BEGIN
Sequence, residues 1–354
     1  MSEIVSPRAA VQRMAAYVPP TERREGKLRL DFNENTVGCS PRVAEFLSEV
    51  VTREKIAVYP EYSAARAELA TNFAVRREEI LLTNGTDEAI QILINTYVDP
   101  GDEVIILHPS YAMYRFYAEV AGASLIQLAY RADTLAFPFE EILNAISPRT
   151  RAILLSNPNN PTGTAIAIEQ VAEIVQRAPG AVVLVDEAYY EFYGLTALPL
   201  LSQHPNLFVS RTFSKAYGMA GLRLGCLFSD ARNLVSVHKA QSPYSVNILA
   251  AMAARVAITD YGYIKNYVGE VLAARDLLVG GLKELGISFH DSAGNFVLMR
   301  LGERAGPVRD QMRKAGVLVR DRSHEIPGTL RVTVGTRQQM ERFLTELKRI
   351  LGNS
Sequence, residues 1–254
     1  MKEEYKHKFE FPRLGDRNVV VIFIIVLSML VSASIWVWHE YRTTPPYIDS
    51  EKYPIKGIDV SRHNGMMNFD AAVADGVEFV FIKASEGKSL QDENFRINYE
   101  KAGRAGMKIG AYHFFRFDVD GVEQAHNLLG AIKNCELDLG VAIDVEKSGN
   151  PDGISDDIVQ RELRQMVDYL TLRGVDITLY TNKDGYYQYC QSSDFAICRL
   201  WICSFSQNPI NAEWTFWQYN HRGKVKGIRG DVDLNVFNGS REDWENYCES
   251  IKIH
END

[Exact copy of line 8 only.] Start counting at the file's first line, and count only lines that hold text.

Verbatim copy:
   301  LGERAGPVRD QMRKAGVLVR DRSHEIPGTL RVTVGTRQQM ERFLTELKRI